County Bike Plan Ignores Safety

Bikeside went to the LA County draft Bicycle Master Plan meeting in Marina del Rey last night.  The draft plan covers unincorporated parts of Los Angeles County and other seemingly random patches of land, like the Westside VA campus (we’ll get back to that one later).

The existing LA County Bicycle Master Plan was adopted in 1975 and not updated since.  The draft plan identifies 695 new miles of bicycle facilities.  Most of that will be in the Antelope and Santa Clarita Valleys, but there are important parts of Western LA County that the draft plan covers, like Marina del Rey and the Santa Monica Mountains.

About half of the new miles will be Class III bike routes designated only by a “Bike Route” sign.  Only 20 miles—3 percent—of the draft plan are nonstandard treatments, and those are limited to Bicycle Boulevard Class III enhancements.  County staff stated that no other non-standard facilities would be included in the plan, citing the fact that they are still considered “experimental” by CALTRANS.

Steve Diels, Redondo Beach Councilmember, led an icebreaker and then Brett Hondorp of Alta Planning gave one of Alta’s tried-and-true presentations before opening the room up for questions.  At that point, a cascade of pent-up frustration fell upon County staff.  Why no continuous bike path along the beach?  Why no nonstandard facilities?  How were new facilities chosen?  Why is the draft plan unfunded and what about Measure R funds?  Why can’t Marina real estate developers include facilities as part of their projects?  What’s with inconsistent enforcement by LA County sherrifs?  LA County staff Abu Yusuf and Allan Abramson dutifully answered each question, but could not offer any solutions or assurances beyond the scope of the draft plan itself.

The largest frustrations were with the proposed facilities around the Marina.  Several attendees complained that the draft plan did not really enhance cyclist safety.  One attendee ask why not a separated lane around the Marina on Admiralty Way?  Cycle tracks are experimental, County staff replied.  One attendee said he would never take ride on Washington Blvd with his family during the summer, even on the existing lane.  The draft plan essentially ignores two of the largest incident points in the Marina, especially Admiralty & Palawan Way:

To its credit, there is a lot of good in the draft plan.  One facility Bikeside likes in particular will help link the Westside with South Bay along Aviation Blvd.  Aviation Blvd is the only way for cyclists to take a mile-saving inland route to the South Bay and avoid the Sepulveda Tunnel.  This— thankfully a Class II lane—will link up to LA City facilities to the north and, hopefully, to another facility included in the South Bay draft master plan.

There is one enormous Westside gap, however:  Sepulveda Blvd.  As Sepulveda crosses the VA Campus, from Ohio Ave to Cashmere St, it falls under County jurisdiction.  The County’s section of Sepulveda includes the intersection of Wilshire & Sepulveda.  That intersection, as shown by maps in the County’s draft plan, is one of the biggest incident points in the Westside under County control, and they are essentially deciding to do nothing about it.  Their plan will dump cyclists into traffic at the most dangerous intersection along Sepulveda.

County staff stated at the meeting that they wanted the plan to make it so a cyclist would never know when he or she were entering or leaving County territory.  That clearly doesn’t apply here.  The City of LA made Sepulveda part of the Backbone and thinks it perfectly reasonable to put down a lane all the way from Culver City to Van Nuys, yet the County considers a bike lane on this strip of Sepulveda “Not Feasible.”  Way to go, LA County–you just made the City of LA the more progressive bike planning entity!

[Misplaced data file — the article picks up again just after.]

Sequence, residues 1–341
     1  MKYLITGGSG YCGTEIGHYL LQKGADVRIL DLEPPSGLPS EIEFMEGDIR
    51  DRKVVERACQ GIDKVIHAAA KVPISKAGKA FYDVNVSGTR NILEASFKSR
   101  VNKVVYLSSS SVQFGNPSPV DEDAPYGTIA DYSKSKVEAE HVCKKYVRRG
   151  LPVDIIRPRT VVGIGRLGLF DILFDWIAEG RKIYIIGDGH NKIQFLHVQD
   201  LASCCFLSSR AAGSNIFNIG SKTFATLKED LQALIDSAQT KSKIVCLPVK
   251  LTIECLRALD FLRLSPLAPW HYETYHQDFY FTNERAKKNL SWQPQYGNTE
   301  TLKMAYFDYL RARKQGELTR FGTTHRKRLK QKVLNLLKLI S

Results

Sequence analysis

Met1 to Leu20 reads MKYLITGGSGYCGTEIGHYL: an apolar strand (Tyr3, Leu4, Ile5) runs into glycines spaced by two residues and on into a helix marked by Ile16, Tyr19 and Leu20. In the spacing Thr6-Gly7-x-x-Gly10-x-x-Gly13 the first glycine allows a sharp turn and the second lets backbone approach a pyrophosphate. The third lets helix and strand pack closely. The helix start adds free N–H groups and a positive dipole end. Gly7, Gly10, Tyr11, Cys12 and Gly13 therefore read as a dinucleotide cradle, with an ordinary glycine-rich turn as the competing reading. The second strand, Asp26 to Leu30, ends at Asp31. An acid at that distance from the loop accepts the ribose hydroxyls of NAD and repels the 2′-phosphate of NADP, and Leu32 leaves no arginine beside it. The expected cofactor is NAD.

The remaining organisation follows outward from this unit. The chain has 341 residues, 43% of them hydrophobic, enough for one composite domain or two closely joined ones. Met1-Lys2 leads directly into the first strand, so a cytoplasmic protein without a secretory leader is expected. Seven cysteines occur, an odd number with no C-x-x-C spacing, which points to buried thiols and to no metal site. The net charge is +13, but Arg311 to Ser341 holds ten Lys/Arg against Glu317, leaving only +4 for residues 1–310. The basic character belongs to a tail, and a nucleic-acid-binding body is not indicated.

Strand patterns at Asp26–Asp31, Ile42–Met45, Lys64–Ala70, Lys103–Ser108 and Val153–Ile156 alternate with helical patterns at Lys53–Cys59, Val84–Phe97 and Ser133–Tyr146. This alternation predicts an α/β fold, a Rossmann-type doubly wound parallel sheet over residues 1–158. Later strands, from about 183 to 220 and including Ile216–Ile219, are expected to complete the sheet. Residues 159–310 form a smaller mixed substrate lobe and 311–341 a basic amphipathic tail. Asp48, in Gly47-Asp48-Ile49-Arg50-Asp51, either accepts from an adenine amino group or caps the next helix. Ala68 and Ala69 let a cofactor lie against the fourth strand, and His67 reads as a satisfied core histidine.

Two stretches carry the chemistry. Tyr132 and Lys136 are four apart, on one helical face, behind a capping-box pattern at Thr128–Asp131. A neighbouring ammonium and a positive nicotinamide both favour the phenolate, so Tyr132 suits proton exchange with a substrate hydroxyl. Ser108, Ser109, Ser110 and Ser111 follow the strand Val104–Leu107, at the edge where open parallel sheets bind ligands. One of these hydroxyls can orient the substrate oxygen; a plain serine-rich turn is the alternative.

Staff are taking public comment on the draft plan until May 20th.  Let them know you want a safer Marina and a lane on Sepulveda at

Dan Rodman

Dan Rodman is a cyclist and Bikeside member. You can find him most Thursdays at the Bikerowave.

9 thoughts on “County Bike Plan Ignores Safety

  1. “Experimental” is short hand for we don’t have the spine to do it.

    Bike lanes as they stand have been clearly proven useless at protecting riders on anything but the calmest of streets. Cycle tracks or protected bike lanes should become a reality ASAP. That’s the only way you’ll get the other 95% of people riding.

    Aviation is crucial to getting to the Green Line LAX rail station.

  2. It would be nice to have a name associated with the “cycle tracks are experimental” comment. An underhanded way of saying NO, also known as a Michelle “Meowerism”.

    I want that person’s job, whatever their title may be. I will do it pro-bono, on top of my regular job, and excel at it.

  3. I am not completely sold on cycle tracks, it is so easy to do them wrong! I feel like I am being forced to ride on the sidewalk, with less pedestrian conflicts. I don’t want to hide behind parked cars and I want to be able to make a left turn. I realize that they are the new hip thing, but they really don’t work except in the most perfect of circumstances.

  4. Does anybody know whether CVC 21208 will apply to cycle tracks, or protected bike lanes? That is, if they are present then cyclists are, generally, obligated to use them?

  5. We should get clarification on that. If a cycle track is considered a modified Class II my guess is that CVC 21208 would apply.

  6. Cycle tracks are the only way to increase ridership. They can work wherever they are implemented wisely. At least… that’s my impression from reading David Hembrows blog and watching Mark Wagenbuur’s excellent youtube videos. I’d take safer riding conditions and more bicyclists over being able to make left turns with cars.

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